By The Washington Post · John Wagner ·
"We must be clear: No one, not even the president, is above the law," House Judiciary Committee Chairman Jerrold Nadler, D-N.Y., said at a news conference. He was flanked by House Speaker Nancy Pelosi, D-Calif., and other House leaders.
At the heart of the Democrats' case is the allegation that Trump tried to leverage a White House meeting and military aid, sought by Ukraine to combat Russian military aggression, to pressure Ukrainian President Volodymyr Zelensky to launch an investigation of former vice president Joe Biden and his son Hunter Biden, as well as a probe of an unfounded theory that Kyiv conspired with Democrats to interfere in the 2016 presidential election.
"The evidence of the president's misconduct is overwhelming and uncontested," House Intelligence Committee Chairman Adam Schiff, D-Calif., said as he outlined a case against Trump and argued that his conduct was too grave to let stand until next year's election.
"The argument, 'why don't you just wait?' comes down to this: Why don't you just let him cheat in just one more election?" Schiff said, calling impeachment "a question of duty."
The Democratic leaders left the news conference without taking questions. The Judiciary Committee plans to vote on the articles - the equivalent of a formal charge - on Thursday, and the full House is expected to vote next week.
A narrower focus on two articles of impeachment means Democrats will forgo laying out allegations of possible obstruction of justice as depicted in former special counsel Robert Mueller's report on Russian election interference.
Some lawmakers, particularly on the House Judiciary Committee, had been pushing leadership to include obstruction of justice as a third charge, arguing that a focus on Ukraine alone would not establish a pattern of corrupt behavior stemming from the White House.
Moderate Democrats, however, were wary of voting on charges that Trump obstructed justice since Mueller's report was inconclusive on whether the president violated the law. Justice Department rules prohibit the indictment of a sitting president, one of the reasons Mueller said it was up to Congress to decide whether Trump violated his oath.
Those moderate concerns won out in the end. However, several Democrats said it was possible that the articles could mention some of Mueller's findings to try to show Trump's actions on Ukraine did not occur in a vacuum.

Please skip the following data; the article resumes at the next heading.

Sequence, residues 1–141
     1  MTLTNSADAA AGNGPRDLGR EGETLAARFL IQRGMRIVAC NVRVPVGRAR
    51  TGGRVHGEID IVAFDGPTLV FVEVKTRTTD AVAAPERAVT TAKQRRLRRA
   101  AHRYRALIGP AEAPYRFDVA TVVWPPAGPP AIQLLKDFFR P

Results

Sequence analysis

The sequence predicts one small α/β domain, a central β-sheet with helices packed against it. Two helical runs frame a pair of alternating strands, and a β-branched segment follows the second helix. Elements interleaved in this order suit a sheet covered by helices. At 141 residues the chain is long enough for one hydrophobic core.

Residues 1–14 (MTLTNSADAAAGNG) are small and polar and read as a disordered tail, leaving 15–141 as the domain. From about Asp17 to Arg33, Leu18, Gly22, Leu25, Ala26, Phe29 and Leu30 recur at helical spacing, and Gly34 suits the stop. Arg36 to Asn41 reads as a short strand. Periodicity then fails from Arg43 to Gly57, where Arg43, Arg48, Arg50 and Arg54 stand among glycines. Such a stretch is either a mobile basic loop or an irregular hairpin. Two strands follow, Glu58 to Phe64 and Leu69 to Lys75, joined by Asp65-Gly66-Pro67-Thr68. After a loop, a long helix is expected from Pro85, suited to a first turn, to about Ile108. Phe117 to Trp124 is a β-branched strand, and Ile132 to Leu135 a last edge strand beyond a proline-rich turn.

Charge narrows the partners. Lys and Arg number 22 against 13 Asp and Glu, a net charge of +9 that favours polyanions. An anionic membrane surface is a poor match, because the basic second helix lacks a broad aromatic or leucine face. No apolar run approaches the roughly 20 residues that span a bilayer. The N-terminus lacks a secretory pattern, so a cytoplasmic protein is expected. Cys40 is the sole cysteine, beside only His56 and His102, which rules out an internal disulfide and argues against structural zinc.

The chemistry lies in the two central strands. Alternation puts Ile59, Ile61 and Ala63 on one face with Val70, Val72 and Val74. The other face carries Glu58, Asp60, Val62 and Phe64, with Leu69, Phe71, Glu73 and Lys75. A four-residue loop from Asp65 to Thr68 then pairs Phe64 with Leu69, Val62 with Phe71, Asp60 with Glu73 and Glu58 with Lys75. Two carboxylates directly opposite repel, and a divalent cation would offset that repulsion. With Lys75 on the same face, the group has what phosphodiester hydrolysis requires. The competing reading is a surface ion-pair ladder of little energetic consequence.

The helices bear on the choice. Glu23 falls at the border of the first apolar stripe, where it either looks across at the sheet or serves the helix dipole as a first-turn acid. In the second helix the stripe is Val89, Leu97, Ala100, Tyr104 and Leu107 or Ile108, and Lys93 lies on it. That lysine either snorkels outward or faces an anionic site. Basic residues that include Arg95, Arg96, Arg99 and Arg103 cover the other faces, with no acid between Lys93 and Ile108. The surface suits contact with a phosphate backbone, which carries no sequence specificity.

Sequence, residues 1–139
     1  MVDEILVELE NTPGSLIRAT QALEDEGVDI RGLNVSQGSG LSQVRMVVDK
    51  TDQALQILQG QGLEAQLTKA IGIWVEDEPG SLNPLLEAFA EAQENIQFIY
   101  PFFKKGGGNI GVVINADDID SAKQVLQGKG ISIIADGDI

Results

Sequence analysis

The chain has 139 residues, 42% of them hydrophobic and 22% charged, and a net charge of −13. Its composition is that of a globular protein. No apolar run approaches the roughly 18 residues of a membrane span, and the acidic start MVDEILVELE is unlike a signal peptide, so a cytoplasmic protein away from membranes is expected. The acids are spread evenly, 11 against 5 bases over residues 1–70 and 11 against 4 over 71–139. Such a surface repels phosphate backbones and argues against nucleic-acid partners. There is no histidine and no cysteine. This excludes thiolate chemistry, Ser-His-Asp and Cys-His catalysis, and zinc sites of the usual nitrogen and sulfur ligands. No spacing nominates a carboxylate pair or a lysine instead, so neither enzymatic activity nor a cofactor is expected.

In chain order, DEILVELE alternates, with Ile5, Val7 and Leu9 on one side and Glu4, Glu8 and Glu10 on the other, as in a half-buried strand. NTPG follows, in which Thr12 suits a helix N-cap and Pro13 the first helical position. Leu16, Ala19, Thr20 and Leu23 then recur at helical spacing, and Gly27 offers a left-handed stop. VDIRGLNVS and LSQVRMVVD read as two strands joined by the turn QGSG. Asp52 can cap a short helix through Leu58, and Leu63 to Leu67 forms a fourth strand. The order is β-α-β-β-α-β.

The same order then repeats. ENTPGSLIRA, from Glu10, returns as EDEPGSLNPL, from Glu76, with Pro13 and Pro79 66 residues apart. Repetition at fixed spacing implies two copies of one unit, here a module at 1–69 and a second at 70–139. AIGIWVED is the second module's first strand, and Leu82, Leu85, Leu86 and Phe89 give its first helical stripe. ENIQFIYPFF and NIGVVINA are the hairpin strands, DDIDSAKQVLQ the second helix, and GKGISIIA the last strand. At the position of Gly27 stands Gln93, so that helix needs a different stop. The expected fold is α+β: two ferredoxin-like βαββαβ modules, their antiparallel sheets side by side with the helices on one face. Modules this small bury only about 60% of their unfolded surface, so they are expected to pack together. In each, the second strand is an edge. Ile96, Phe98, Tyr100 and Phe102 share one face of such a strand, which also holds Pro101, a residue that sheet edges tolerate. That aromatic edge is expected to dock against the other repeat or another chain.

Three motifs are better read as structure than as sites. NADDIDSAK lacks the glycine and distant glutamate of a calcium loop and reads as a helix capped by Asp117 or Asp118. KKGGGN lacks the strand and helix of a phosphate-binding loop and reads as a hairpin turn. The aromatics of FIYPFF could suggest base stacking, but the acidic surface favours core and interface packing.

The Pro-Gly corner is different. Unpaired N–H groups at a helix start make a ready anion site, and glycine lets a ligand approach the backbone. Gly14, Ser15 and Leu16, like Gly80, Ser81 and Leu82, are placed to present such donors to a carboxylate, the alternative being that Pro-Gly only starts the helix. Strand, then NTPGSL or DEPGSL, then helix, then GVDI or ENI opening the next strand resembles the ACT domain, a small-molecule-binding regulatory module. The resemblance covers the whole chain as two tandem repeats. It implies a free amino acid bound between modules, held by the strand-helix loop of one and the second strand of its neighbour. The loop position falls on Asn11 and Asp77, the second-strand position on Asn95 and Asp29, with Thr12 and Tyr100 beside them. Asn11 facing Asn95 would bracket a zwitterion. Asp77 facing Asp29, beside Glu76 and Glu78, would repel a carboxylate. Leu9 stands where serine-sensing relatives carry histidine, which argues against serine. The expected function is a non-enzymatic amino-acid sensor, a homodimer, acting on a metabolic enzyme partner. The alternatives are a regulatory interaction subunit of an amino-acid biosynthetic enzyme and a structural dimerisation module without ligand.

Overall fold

The Judiciary Committee plans to vote on the articles - the equivalent of a formal charge - on Thursday, and the full House is expected to vote next week.
Shortly before the announcement of articles of impeachment, Pelosi tweeted that Trump had "used the power of his office against a foreign country to corrupt our upcoming elections."
Trump campaign manager Brad Parscale contended Tuesday that Democrats are pushing for impeachment of Trump because they don't have a candidate who can beat him at the ballot box in November.
"For months, Nancy Pelosi said she wouldn't move forward on impeachment because it was too divisive and it needed bipartisan support," Parscale said in a statement released shortly after Pelosi joined other Democrats in announcing the articles of impeachment.
"Well, it is divisive and only the Democrats are pushing it, but she's doing it anyway," Parscale said. "Americans don't agree with this rank partisanship, but Democrats are putting on this political theater because they don't have a viable candidate for 2020 and they know it."
In a separate statement, Republican National Committee Chairwoman Ronna McDaniel called the articles of impeachment "yet another partisan attempt to overthrow a duly-elected President and rob voters of the chance to re-elect him in 2020."
Before the news conference, Trump attacked House Democrats, saying they were engaged in "sheer Political Madness" as they prepared to unveil articles of impeachment against him that are expected to focus on abuse of power and obstructing Congress.